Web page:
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Sarajevo Haggadah: Jewish Manuscript Saved by Bosniaks Muslims

The Sarajevo Haggadah is a 600-year old illuminated manuscript that contains the traditional text of the Passover Haggadah which accompanies the Passover Seder. It is not only one of the most treasured Jewish volumes in existence, it is also one of the most valuable books in the world.

In 1991 the book was appraised for a value of $700 million, although to many, it is priceless, according to San Diego Jewish Journal.

The manuscript is owned by the National Museum of Bosnia and Herzegovina in Sarajevo (link), where it is on permanent display. It is handwritten on bleached calfskin and illuminated in copper and gold. It is the oldest Sephardic Haggadah in the world, which originated in Barcelona around 1350, and had survived many close calls with destruction. Historians believe that it was taken out of Spain by Spanish Jews who were expelled by the Alhambra Decree in 1492. Notes in the margins of the Haggadah indicate that it surfaced in Italy in the 1500s. It was sold to the National Museum in Sarajevo in 1894 by a man named Joseph Kohen.

During World War II, the manuscript was hidden from the Nazis by the Museum’s Bosniak Muslim chief librarian, Dervis Korkut, who at risk to his own life, smuggled the Haggadah out of Sarajevo. Korkut gave it to a Bosniak Muslim cleric in Zenica, where it was hidden from Nazis under the floorboards of a mosque.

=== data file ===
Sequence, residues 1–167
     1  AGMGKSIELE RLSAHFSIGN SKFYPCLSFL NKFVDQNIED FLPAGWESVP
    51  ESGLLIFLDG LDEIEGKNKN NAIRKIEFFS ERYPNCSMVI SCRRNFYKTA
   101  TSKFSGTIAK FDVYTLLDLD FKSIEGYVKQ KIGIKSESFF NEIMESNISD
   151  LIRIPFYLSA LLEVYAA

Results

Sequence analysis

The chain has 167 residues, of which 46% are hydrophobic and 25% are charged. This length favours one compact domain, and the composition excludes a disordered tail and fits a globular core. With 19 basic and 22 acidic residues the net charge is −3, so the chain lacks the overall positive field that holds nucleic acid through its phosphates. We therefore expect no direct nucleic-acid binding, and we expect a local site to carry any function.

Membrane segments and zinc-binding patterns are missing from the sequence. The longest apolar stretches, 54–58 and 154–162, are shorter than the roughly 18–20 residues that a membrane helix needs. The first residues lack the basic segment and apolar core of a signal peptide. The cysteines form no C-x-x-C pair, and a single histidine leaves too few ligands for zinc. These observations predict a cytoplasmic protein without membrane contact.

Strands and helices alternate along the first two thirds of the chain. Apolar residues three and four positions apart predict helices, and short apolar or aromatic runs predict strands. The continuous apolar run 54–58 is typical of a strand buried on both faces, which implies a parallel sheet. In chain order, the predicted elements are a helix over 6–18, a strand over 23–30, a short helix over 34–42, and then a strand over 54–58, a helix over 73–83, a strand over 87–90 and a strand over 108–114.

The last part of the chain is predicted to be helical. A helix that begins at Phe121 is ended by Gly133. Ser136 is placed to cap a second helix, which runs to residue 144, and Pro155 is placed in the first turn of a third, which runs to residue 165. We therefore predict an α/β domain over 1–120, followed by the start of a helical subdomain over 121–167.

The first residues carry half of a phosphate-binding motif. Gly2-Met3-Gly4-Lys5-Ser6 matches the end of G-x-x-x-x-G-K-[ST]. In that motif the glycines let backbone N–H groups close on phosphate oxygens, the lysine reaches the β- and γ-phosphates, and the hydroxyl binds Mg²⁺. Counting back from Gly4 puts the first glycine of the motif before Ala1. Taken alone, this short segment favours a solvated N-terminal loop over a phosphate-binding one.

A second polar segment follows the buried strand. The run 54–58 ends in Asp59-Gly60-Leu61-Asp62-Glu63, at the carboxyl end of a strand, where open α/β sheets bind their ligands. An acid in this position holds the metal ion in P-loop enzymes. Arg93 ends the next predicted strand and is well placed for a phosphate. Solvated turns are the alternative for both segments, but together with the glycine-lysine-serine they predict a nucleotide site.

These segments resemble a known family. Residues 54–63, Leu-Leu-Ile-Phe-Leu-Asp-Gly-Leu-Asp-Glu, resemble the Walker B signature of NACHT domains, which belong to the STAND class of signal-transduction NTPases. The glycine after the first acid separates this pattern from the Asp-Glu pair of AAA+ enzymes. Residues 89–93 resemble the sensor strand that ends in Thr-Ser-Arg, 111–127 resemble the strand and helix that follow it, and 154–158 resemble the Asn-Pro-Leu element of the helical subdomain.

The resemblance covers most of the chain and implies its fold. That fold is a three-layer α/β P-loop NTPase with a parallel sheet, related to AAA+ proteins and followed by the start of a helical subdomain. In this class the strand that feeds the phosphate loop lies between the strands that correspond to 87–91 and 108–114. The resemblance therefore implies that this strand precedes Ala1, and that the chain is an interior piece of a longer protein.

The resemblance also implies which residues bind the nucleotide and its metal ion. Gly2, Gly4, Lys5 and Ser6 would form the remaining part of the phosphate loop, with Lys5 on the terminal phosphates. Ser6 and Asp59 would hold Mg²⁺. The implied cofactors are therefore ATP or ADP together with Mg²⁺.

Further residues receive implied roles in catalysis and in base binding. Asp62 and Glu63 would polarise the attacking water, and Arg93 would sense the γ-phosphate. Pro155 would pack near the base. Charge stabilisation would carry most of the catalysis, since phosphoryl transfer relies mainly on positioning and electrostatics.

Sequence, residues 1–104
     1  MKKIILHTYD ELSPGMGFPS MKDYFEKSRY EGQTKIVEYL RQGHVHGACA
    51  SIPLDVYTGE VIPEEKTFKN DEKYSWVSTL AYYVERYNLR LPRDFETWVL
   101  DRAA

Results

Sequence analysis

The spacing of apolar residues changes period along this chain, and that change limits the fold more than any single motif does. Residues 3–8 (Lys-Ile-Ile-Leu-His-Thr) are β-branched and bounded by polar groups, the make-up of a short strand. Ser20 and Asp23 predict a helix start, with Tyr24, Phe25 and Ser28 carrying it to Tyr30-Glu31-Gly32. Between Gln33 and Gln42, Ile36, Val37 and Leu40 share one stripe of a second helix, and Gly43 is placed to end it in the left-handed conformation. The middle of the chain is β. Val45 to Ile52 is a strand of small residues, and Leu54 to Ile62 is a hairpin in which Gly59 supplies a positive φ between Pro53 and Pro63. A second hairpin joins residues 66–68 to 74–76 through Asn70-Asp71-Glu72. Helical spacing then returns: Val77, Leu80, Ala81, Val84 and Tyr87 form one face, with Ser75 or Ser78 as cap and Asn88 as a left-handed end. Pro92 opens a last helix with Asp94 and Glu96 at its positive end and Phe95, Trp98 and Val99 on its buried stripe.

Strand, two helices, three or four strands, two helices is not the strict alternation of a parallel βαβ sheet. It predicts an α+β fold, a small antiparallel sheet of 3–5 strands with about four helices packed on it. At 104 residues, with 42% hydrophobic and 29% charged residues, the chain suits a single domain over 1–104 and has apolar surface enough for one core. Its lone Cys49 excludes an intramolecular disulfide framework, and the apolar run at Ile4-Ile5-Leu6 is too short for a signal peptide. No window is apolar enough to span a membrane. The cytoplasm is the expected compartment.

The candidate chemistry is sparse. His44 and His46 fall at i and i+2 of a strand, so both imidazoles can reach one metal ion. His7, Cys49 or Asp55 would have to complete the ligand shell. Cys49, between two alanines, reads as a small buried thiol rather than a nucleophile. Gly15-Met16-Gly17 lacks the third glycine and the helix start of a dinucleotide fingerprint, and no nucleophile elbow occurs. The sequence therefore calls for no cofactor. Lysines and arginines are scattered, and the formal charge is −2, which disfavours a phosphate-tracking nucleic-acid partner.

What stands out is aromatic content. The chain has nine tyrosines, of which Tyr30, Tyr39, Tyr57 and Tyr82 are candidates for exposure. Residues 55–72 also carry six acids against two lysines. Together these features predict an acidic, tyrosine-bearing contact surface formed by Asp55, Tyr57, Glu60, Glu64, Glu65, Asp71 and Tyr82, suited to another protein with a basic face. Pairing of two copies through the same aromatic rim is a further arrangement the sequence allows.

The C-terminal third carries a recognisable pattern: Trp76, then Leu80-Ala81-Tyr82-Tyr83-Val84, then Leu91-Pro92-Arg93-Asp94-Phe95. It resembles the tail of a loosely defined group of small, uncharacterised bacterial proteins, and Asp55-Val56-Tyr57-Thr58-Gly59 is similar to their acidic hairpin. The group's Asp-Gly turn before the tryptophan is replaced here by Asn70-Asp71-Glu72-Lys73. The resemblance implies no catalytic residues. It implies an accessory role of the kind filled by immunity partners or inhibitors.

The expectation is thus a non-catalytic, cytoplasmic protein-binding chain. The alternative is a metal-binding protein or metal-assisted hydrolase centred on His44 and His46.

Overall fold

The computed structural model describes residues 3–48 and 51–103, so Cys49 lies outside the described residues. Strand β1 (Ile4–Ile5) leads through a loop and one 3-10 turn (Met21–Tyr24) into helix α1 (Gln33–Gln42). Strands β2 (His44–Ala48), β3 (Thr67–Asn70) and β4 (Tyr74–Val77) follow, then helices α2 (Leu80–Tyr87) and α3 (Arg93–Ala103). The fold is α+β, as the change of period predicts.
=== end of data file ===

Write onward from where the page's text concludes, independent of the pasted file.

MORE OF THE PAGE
During the Bosnian War of the early 1990s, when Sarajevo was under constant siege by Bosnian Serb forces. This time, it was saved in a dramatic fashion.  The hero was Dr Enver Imamović, the director of the Museum, who, together  with several brave policemen and members of the territorial guard, rescued the Haggadah from the Museum, which was on the front line, and transferred it to the vault of the National Bank.

Afterwards, the manuscript was restored through a special campaign financed by the United Nations and the Bosnian Jewish community in 2001, and went on permanent display at the museum in December 2002.

Recently, the museum has authorized the publication of a limited number of reproductions of the Sarajevo Haggadah, each of which has become a collector’s item. In May 2006, a Sarajevo publishing house Rabic Ltd., announced the forthcoming publication of 613 copies of the Haggadah on handmade parchment that attempts to recreate the original appearance of the 14th century original.

There is a brief mention of the manuscript in the motion picture, “Welcome to Sarajevo”. The book “People of the Book” by Geraldine Brooks creates a fictionalised version of the history of the Haggadah from its origins in Spain to the museum in Sarajevo. The winter 2002 issue of the literary journal Brick published Ramona Koval’s account of the disputes surrounding the proposed UNESCO-funded display of the original Codex in the context of the post-Dayton Agreement UN-supervised 1995 peace settlement.

The history of the remarkable man, Dervis Korkut, who saved the book from the Nazi officers who sought it, was told in the December 3, 2007 issue of The New Yorker magazine. The article, entitled “The Book of Exodus”, also by Geraldine Brooks, sets out the equally remarkable story of the young Jewish girl, Mira Papo, whom Korkut and his wife hid from the Nazis just as they acted to save the Haggadah. In a twist of fate, as an elderly woman in Israel, Mira Papo secured the safety of Korkut’s daughter from the Serb aggression on Bosnia-Herzegovina during the 1990’s.